the gay-having in his hands the ready means of self-gratification-and being at an age when the passions are in full buoyancy, and the world is wont to put on its most alluring garb,-had he set forward in a wrong direction, the first step might have been fatal: and the talents, given to be consecrated to God, might have ministered only to self-indulgence, to the pomp and luxury of life, and to his eternal ruin. It pleased, however, the Giver of every good and perfect gift to implant in his mind holier purposes and desires; for no sooner did he become possessed of wealth, than he was brought to feel his accountableness for the use of it; and far from being elated by prosperity, he entertained a salutary fear lest he should become an unfaithful steward of the deposit committed to his charge. About this period of his life, he read Doddridge's Rise and Progress of Religion, to which invaluable treatise he referred his first convictions of the heinous nature of sin, and his fervent desires after that eternal life which is the gift of God in Jesus Christ. He rose from the perusal of it with feelings of deep concern for his everlasting welfare; nor did these feelings evaporate -for he engaged in the work of his salvation with intense earnestness, and entered into a solemn covenant, or rather a ratification of his baptismal covenant, to devote himself to the service of his God and Saviour. A document to this effect has been found among his papers since his decease, drawn up after the plan recommended by Doddridge, signed with his hand and sealed with his seal The advantages of the peculiar mode of stipulation urged by Doddridge have been often questioned; but in the case of Mr. Allen, this solemn ratification was certainly attended with much spiritual benefit.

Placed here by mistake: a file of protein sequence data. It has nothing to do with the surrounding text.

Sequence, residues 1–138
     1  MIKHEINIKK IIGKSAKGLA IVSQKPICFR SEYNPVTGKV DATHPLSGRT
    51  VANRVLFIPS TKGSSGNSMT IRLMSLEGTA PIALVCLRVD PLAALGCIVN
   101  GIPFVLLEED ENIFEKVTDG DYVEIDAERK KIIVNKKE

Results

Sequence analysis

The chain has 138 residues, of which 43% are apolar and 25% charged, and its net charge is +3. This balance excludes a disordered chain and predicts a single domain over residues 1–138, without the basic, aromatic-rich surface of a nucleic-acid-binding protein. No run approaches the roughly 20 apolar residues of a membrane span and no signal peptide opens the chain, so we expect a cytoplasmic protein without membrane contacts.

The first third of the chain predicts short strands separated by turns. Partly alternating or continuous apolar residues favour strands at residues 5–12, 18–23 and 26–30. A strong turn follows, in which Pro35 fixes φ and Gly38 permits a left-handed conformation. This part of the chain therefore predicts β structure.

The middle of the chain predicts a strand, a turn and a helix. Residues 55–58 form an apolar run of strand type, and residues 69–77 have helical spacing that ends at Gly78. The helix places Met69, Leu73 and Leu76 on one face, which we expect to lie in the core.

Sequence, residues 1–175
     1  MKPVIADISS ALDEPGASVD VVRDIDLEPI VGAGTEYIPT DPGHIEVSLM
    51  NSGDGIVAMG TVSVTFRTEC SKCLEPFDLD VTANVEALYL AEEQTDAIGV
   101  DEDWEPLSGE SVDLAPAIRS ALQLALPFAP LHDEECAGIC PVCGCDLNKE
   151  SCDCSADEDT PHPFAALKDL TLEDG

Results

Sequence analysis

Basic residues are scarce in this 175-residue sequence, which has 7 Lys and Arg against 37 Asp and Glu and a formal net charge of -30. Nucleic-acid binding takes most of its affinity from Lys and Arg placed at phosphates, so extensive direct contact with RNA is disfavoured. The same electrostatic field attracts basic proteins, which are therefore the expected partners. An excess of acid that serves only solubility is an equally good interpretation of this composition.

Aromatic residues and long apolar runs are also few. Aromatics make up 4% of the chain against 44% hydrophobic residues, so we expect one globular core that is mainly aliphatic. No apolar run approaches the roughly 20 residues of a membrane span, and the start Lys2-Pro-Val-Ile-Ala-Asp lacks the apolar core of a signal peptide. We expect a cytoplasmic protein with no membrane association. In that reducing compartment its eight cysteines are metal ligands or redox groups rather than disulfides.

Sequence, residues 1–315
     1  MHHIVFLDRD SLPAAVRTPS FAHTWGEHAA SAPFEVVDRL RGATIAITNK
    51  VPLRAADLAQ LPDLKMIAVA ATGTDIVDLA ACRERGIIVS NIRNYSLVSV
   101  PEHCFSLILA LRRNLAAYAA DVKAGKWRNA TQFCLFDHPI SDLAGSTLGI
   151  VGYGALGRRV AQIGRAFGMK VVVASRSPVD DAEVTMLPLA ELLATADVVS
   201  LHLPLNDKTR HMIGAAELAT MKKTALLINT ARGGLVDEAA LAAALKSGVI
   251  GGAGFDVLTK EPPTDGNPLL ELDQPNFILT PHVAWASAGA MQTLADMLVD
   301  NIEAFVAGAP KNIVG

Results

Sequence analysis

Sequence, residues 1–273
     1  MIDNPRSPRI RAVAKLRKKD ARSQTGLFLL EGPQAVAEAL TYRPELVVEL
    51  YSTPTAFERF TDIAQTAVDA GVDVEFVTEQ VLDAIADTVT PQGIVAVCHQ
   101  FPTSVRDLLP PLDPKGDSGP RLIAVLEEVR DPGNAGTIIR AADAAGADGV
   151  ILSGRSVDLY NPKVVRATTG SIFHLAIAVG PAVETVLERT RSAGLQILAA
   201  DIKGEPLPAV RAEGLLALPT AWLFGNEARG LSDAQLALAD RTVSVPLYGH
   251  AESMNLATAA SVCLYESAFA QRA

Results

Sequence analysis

In the year 1814, Mr. Allen was united in marriage to Sarah,the fourth daughter of the latcJohn Whitane of Woodhouse, Esq.,


Obituary-B. H

a lady of sentiments congenial with his own; and the result was an abundant measure of domestic happiness. Immediately after his marriage, as before no ticed, he withdrew from the cares of business; considering that God had already bestowed upon him as much of this world's goods as it was expedient for him to possess; and being desirous of having his time more entirely at his own command, not to dissipate it in idleness or unprofitable pursuits, but that he might have greater leisure and opportunity for doing good. The manner in which he spent his days will shew that this was no idle wish or vain resolve. Among other important engagements, he entered with ardour won the office of a magistrate, which, in the populous neighbourhood in which he resided, could not be otherwise than laborious, and often painful; especially as he had fallen upon troublous times. The period from 1816 to 1820 was marked by much disturbance on the district around Huddersfield; and he was soon called to take an active part in unravelling a plot which disturbed the public peace, and aimed at nothing short of a national revolution. His unwearied exertions and valuable services at this period will not soon be forgotten. The firmness with which he repressed disorder, and the mildness with which he exercised authority, not only raised his character, but greatly contributed to the return of tranquillity in his neighbourhood. On the magisterial bench his loss will be much felt, and deeply deplored.